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Lars Von Trier is a filmmaker who allows for complete expression of the self, the spectator is allowed to see the so-called underbelly of the human condition and make of it entirely what they will. In Melancholia we see a genuine and disturbing portrait of two sisters with severe depression and anxiety. They are confronting the truth of human existence and letting their inner demons out on the screen. Yet, these demons do not infect the spectator, rather they have the opposite effect. We have witnessed the Lacanian Other experience these demons and so the other has cleansed them of ourselves so that we may leave disinfected. By using the imaginary signifier we have dissolved into the characters and learnt their pitiless lessons. One still may react in vigorous distaste, or one may feel deeply moved and wish to resolve his or her own inner conflict, a reaction is dependent on the life condition of the particular spectator. Cinema of this free-nature has no ideological function, it is purely powered by a notion of the self (the director’s ego par excellence, if you like), and it could even be labelled as a productive power. Is this not slightly perverse?

The subject who watches cinema must be a perverse subject. It was the acclaimed filmmaker David Fincher (known for putting Gwyneth Paltrow’s head in a box – Seven) who said, “I think people are perverts”, which is of course why they love cinema. What are we as a cinema spectator if not a Peeping Tom (a metaphor for our behaviour)? Quite literally we seek out the lives of others who do not know we are watching them, and from a very close proximity. For Walter Benjamin, this alluded to the ‘optical unconscious’, the shock that we can experience from a close-up in cinema that the human eye could never see. A great film director like Fincher will use such cinematic devices to manipulate the audience into feeling uncomfortable or deeply involved, as two suggestions. Does a close-up not embody an act of sadism?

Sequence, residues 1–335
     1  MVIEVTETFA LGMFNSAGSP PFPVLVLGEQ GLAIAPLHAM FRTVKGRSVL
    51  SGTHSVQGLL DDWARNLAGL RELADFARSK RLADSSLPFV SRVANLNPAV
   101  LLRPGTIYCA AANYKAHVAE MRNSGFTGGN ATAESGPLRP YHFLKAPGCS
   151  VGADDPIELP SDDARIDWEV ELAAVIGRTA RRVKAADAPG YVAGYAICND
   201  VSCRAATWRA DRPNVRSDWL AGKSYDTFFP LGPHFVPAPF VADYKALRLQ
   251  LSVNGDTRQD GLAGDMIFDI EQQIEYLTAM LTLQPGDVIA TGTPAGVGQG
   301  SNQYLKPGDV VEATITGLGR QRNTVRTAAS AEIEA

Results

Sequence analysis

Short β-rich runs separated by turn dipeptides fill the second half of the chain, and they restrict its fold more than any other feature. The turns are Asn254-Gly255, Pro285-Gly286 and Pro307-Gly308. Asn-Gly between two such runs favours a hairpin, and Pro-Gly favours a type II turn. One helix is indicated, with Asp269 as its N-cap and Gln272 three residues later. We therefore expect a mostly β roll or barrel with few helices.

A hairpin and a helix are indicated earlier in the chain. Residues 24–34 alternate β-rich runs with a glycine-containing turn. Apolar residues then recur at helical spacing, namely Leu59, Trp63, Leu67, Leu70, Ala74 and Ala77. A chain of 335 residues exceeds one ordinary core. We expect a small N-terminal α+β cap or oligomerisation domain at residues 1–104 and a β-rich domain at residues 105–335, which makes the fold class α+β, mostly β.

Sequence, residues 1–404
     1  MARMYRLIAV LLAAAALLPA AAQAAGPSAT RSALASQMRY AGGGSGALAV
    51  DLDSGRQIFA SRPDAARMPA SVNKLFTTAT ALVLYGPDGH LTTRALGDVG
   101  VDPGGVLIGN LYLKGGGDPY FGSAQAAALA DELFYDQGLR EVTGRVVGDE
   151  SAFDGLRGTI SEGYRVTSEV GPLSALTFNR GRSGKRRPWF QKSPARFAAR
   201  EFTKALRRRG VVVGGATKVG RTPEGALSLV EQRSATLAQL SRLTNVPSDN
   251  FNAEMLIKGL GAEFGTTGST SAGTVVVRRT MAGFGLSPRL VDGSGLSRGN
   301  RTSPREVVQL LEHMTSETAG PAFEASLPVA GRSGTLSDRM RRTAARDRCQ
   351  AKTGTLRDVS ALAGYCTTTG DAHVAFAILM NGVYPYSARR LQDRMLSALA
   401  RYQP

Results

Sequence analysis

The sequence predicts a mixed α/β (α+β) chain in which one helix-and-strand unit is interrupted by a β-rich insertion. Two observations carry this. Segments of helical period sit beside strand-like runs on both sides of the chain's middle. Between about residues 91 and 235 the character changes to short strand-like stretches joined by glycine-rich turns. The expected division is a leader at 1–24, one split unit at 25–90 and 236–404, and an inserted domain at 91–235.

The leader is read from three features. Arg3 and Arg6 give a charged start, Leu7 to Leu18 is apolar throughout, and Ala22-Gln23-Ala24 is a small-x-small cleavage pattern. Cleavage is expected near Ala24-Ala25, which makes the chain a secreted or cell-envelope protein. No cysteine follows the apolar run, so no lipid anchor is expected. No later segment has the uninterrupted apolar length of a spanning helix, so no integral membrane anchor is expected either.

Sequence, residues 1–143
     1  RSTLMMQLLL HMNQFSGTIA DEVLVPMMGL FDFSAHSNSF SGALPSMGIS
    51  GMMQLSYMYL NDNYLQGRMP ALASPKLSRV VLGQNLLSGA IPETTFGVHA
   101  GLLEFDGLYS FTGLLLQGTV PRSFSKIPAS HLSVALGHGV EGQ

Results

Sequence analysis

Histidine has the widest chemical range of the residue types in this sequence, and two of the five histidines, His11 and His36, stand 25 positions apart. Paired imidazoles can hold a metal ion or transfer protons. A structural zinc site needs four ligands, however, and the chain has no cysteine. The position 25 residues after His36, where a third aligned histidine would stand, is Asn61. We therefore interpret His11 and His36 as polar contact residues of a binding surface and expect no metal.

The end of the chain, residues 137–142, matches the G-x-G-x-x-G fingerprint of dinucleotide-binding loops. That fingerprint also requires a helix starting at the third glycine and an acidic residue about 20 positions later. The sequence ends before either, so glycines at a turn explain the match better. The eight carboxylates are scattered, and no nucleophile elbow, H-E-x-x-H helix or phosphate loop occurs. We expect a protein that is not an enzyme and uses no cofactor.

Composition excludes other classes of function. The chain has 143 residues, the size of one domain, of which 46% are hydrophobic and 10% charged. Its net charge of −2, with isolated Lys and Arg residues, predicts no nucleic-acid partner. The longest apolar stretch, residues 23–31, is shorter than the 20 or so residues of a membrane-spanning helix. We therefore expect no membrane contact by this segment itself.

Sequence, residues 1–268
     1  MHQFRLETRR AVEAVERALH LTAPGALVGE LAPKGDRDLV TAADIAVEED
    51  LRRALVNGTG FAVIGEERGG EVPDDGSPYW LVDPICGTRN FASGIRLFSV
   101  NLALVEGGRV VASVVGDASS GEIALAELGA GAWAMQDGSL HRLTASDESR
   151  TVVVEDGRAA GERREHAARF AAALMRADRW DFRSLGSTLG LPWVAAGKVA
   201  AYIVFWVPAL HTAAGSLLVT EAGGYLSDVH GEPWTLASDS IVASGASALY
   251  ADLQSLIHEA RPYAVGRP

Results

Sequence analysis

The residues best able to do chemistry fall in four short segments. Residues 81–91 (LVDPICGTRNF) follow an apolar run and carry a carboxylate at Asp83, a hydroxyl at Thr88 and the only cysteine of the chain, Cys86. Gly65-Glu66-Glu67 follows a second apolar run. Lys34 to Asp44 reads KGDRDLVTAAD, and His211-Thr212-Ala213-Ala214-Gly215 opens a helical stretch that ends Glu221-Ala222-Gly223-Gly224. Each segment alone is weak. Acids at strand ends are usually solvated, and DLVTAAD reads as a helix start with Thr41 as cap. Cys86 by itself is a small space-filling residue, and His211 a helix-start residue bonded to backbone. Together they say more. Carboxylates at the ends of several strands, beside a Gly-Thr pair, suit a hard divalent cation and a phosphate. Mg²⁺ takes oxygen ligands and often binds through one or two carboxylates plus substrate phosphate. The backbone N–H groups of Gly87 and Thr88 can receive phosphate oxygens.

Cinema does not always have to act as if the camera were a sadist, or as Kraceur would say, by insisting, “on rendering visible what is commonly drowned in inner agitation” (1960: 58). Though, the audience can be just as sadistic as the filmmaker. Take for example, the Hays Production Code of the classical period in Hollywood, during which time restrictions on sex and violence etc. were severely restricted. Zizek argues that such excess provokes the very prohibition it seeks in the first place i.e. if you don’t show the audience something it enables them to imagine it for themselves, or a more common conception is that you tell someone not to do something, and as by some divine intervention, this gives them the will to do just that. For example, in the film Casablanca, Rick and Elsa are kissing and the screen fades to black, cuts to a watch tower (the phallic symbol perhaps) and back to Rick who is now smoking a cigar and looking out the window. What happened? They most likely had sex. Even if they didn’t have sex, it does not matter as for the Big Other (that Real space blurring lines of the real) they most definitely did. Classical cinema still allows us to interact with the Symbolic order in ways manifest with the Lacanian other. Even in Hollywood, the Big Other is staring at us, but we just don’t know it – it will hide in plain sight like the ideological content that it transmits alongside.